x Abu Dhabi, UAETuesday 25 July 2017

Families cling on to hope missing sailors in UAE waters will be found

'If we don't hear from him soon, I'll have to postpone my marriage,' says a fiancee hopeful her husband-to-be, missing since December when their ship sank, will be found.

DUBAI // The families of three Indian sailors missing since their ship sank in UAE waters three months ago have not given up hope that their loved ones are still alive.

Anil Negi, 22, Rakesh Lingayat, 29, and Arvind Singh, 24, have all been missing since December 27 when their cargo ship, Dheema, sank in rough seas off the coast of Ajman. Two other sailors were rescued by the Dubai ports police after spending three days adrift.

“We don’t understand what has happened,” said Usha Negi, Anil’s sister, speaking from India. “We are sure he’s alive somewhere. We just don’t know where. He’s a strong and experienced sailor. We think he’s safe.”

Six crew members, all Indian,  were on board the Malaysian-flagged ship that was sailing from Ajman to Iran to load a cargo of crude oil.

After finding the two survivors –the ship’s 32-year-old captain and a 26-year-old crewman – the ports police recovered the body of one sailor.

The two men had no food or drinking water and were kept afloat by their life jackets and flotation rings. They were rescued at different locations and were both suffering from prolonged exposure to the elements.

Ms Negi said her family last saw Anil in December, shortly before he started work for the Ajman-based company that owned the Dheema.

“My wedding has been fixed for April and he took up the job so he could help with the finances. If we don’t hear from him soon, I’ll have to postpone my marriage.”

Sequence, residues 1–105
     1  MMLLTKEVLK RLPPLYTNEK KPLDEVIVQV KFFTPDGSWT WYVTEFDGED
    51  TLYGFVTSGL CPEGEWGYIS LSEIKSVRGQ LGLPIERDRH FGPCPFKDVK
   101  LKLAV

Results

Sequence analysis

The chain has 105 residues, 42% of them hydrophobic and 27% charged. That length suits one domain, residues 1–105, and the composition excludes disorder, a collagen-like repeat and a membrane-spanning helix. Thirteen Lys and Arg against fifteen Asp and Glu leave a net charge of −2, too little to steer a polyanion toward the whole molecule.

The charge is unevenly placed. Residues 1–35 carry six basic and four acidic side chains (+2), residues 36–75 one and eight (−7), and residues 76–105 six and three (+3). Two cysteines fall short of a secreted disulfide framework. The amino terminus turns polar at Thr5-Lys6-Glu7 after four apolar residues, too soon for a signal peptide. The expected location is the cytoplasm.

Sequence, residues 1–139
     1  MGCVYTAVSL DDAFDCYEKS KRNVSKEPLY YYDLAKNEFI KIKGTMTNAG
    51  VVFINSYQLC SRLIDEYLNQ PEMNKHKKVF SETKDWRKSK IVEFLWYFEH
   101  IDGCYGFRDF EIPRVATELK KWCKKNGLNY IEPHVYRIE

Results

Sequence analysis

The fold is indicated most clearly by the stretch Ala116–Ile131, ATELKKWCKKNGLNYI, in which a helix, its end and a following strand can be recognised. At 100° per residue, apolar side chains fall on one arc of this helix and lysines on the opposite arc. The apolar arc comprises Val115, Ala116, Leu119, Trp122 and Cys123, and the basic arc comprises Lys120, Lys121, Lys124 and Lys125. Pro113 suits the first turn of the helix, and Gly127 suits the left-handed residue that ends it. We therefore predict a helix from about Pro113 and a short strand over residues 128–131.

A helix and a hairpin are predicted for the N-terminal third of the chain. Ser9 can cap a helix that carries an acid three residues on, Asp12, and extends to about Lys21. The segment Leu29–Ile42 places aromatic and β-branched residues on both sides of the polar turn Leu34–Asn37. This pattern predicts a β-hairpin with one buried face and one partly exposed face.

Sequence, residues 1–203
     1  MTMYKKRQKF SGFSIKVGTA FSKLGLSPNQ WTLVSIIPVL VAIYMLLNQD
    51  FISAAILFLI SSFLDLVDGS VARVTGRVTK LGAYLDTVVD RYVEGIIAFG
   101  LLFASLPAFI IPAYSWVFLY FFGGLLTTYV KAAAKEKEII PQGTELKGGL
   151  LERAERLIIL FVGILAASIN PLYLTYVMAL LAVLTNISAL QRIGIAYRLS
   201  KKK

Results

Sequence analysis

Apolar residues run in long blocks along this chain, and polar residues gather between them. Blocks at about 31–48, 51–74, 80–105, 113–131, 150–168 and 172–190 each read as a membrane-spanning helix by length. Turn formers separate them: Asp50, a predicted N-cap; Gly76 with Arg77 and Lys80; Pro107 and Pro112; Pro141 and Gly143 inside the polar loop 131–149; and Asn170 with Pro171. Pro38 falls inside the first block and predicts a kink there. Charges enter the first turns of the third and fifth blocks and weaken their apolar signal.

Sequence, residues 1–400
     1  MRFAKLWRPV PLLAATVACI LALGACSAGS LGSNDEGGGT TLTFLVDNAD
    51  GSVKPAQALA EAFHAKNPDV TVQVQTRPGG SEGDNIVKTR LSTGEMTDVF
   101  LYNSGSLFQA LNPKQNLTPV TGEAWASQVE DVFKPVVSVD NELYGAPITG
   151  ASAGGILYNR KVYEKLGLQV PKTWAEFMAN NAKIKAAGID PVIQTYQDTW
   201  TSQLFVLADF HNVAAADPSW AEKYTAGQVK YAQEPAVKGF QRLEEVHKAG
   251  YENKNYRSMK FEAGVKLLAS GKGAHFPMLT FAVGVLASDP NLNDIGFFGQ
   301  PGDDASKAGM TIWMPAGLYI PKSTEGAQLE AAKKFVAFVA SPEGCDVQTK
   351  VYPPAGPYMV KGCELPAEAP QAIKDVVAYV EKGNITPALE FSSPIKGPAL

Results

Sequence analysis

She said the family had petitioned the Indian Ministry of External Affairs to seek their intervention.

“We have written to officials but no one is saying what has happened. Everyone is silent on this.”

A representative for the company that owned the Dheema was sceptical of the men’s chances of survival.
“The issue is under the coastguard’s attention. They are still looking. But there is no possibility of them surviving at sea after three months. It will be a miracle if they are alive.”

However, he did not rule out the possibility they could have been rescued by another vessel.

“All three are highly experienced sailors. If they had died, their bodies would have surfaced somewhere. The men may have been rescued and it’s possible they have lost consciousness. A lot of questions remain unanswered.”

He said the company had not been able to locate the sunken cargo ship yet.

“We checked the location given to us by the survivors. But the ship was not there.” He added the company was willing to pay the families compensation but did not specify how much.

Madhukar Lingayat, the father of missing sailor, Rakesh, said he intends to meet local authorities in India to appeal for help.

“We want the Indian government to follow up with the UAE Government. I am planning to go to Delhi next week to meet officials.”

Mr Lingayat said the family was looking for closure.

“There are slim chances of finding them as considerable time has passed. But if UAE officials get their bodies, we want them back.” He said the family had not yet given a thought to seeking compensation.

Mr Singh’s father, Surendra, said they were not ready to give up hope.

“They were all wearing life jackets. We think they are still alive and safe,” he said.

Indian consulate officials met with the ship’s clearing agents from Ajman on Monday to discuss the plight of the missing sailors but were not available to comment on the outcome of the meeting.

pkannan@thenational.ae